Tech

Qualcomm’s W5 wearable platform is faster and has significantly improved battery life

In the context: In the early days of the wearables market, devices like smartwatches used components that were primarily designed for smartphones. From a practical standpoint, it made complete sense. A huge amount of time and money has been invested in smartphone-related technologies, and with appropriate adaptations, chips based on these technologies have proven to be suitable for the nascent wearable industry. However, there is nothing that can replace dedicated engineering, and that is exactly what Qualcomm is doing with its new Snapdragon W5 platforms.

In the tech business, it sometimes takes a few generations to really fix things. This is especially true in the semiconductor industry, where multi-year development cycles often mean that parts originally intended for one purpose or device are used in another application.

After several iterations of silicon designs for wearables over the past few years, Qualcomm’s new Snapdragon W5+ and W5 Gen 1 platforms use fewer phone-based elements and more dedicated wearable-driven technologies.

As the smartwatch market has matured, it has become clear that multi-day battery life, always-on displays, and more advanced interaction models have become important expectations for potential buyers. To achieve this, you need a chip with an architecture that draws less power and is smarter about how it consumes battery power that it has access to. And a smaller size wouldn’t hurt either.

Qualcomm is taking an important step towards several of these vectors by moving to a more compact and power efficient 4nm design. The new architecture moves the ability to perform several important functions, including on-screen notifications and audio playback, from the main processor to an always-on, ultra-low power co-processor. This means that smartwatches based on this hybrid design can run most of the time without turning on the main processor at all – a huge step forward in terms of energy efficiency and battery life.

In addition to these changes, Qualcomm has implemented what it calls low power “islands”, which are groups of sub-components that work together to perform specific tasks such as WiFi, GPS, and audio playback, as well as multiple low power states. such as Deep Sleep and Hibernate, which are performed in conjunction with a newly developed power management IC. Together, this results in an average 50% reduction in power consumption compared to the previous generation 4100 series chips.

In the real world, a slim smartwatch with a 300mAh battery can last from 28 to 43 hours, while a sports watch with 4G connectivity and a 600mAh battery can last from 48 to 72 hours.

Both the main SoC (SW5100) and the co-processor (dubbed QCC5100) in the W5+ are Arm-based cores. The W5 is just the SW5100 sold without a coprocessor. The SW5100 features four A53 CPU cores clocked at 1.7GHz, two Adreno 702 GPU cores clocked at 1GHz, dual ISPs, and WiFi, GNSS, and an optional 4G modem among other components. The QCC5100 co-processor is based on a 250MHz Cortex M55 processor and includes a display driver, separate GPU, Bluetooth 5.3 radio, and more.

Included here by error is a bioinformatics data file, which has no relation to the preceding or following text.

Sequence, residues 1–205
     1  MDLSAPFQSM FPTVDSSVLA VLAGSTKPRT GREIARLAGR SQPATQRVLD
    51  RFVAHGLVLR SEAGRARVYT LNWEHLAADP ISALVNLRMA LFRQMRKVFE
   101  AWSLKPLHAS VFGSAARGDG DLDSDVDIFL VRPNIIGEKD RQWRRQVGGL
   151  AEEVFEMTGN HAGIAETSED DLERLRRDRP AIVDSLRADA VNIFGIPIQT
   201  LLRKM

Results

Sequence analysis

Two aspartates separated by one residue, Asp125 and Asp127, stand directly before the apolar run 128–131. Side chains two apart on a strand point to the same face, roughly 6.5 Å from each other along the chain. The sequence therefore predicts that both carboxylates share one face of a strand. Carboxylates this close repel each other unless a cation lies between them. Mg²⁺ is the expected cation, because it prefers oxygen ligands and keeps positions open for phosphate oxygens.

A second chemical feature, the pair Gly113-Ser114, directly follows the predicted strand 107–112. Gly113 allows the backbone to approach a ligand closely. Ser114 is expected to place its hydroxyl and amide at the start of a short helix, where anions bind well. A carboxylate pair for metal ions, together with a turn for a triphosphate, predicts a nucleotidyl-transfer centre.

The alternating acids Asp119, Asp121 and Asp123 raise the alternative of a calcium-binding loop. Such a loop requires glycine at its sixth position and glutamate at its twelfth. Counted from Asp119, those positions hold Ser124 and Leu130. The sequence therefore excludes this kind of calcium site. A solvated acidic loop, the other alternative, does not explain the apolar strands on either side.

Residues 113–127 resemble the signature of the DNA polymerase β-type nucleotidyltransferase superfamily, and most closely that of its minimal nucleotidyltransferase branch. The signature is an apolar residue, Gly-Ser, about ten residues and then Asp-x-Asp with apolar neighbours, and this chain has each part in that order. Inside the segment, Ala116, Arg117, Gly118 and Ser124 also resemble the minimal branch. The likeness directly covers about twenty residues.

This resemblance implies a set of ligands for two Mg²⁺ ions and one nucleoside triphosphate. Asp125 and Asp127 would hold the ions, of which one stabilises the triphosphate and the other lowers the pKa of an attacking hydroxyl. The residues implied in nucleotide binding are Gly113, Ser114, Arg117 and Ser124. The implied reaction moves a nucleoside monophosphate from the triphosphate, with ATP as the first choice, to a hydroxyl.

In terms of performance, the combination of the two chips delivers a twofold improvement as well as a 50% reduction in power consumption, Qualcomm says. With the move to more advanced manufacturing nodes, the chips and boards they sit on have become smaller, allowing the design to be 30% thinner (4nm versus 12nm in the latest design for the main SoC and 22nm for the coprocessor). -processor versus 28 nm in the previous one).

The more powerful core processor also enables new types of smartwatch interactions, including two-way video calling, 3D watch faces, real-time image recognition, smart device control, and more. In the W5+, the coprocessor also integrates constant recognition and the Arm-based U55 machine learning core for health and fitness applications.

On the software side, Qualcomm continues to partner with Google Wear OS for mainstream wearables and Android AOSP for low-cost and specialized wearables for kids, businesses, and more. Qualcomm has worked with several different companies to optimize various app features such as Tile for Find My Device, NXP for mobile payments, Sensory for low power speech recognition and more.

Mobvoi will unveil the first Snapdragon W5+-powered Wear OS product this fall, and Oppo will unveil the first W5 smartwatch with AOSP, called the Oppo Watch 3 next month.

Overall, this looks like a step forward for the wearables market and the smartwatch category. With more advanced interactions and longer battery life, the Snapdragon W5 platform could help overcome the objections of some smartwatch opponents to this category, as well as inspire device enthusiasts to consider new options.

Bob O’Donnell – Founder and Principal Analyst Technalize Research LLC technology consulting firm that provides strategic consulting and market research services to the technology industry and the financial professional community. You can follow him on Twitter @bobodtech.




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